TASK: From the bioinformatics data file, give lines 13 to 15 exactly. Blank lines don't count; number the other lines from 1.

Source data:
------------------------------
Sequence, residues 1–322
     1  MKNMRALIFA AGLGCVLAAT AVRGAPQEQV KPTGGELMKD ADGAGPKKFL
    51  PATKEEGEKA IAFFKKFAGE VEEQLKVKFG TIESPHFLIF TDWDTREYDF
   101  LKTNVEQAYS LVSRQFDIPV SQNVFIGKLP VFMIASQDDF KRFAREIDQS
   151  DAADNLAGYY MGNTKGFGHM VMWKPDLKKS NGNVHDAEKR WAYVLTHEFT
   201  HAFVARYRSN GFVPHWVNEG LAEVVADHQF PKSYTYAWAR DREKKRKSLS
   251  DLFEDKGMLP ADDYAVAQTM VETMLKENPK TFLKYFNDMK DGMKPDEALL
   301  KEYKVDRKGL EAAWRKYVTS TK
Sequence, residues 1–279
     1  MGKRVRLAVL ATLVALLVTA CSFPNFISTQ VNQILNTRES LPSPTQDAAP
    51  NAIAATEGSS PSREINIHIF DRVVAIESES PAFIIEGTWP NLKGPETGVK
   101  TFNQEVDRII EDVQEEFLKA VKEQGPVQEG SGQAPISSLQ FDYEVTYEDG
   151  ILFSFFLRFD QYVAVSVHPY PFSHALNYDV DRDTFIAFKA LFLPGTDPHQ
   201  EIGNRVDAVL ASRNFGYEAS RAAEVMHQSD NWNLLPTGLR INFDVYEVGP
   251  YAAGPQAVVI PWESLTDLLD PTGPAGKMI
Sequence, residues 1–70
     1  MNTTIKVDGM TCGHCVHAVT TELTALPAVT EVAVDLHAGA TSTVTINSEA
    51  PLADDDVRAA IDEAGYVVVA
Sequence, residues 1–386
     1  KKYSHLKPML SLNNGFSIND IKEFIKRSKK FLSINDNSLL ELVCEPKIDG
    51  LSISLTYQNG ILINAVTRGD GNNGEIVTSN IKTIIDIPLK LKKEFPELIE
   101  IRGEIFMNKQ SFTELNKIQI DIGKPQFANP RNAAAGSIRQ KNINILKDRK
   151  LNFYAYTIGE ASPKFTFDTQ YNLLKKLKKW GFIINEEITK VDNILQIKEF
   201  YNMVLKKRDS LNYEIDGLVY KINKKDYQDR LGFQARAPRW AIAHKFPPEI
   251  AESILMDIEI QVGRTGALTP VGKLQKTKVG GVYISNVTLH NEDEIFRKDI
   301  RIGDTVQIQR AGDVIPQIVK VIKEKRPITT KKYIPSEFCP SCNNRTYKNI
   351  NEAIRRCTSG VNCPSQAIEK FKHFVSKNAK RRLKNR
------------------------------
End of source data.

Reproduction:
   151  ILFSFFLRFD QYVAVSVHPY PFSHALNYDV DRDTFIAFKA LFLPGTDPHQ
   201  EIGNRVDAVL ASRNFGYEAS RAAEVMHQSD NWNLLPTGLR INFDVYEVGP
   251  YAAGPQAVVI PWESLTDLLD PTGPAGKMI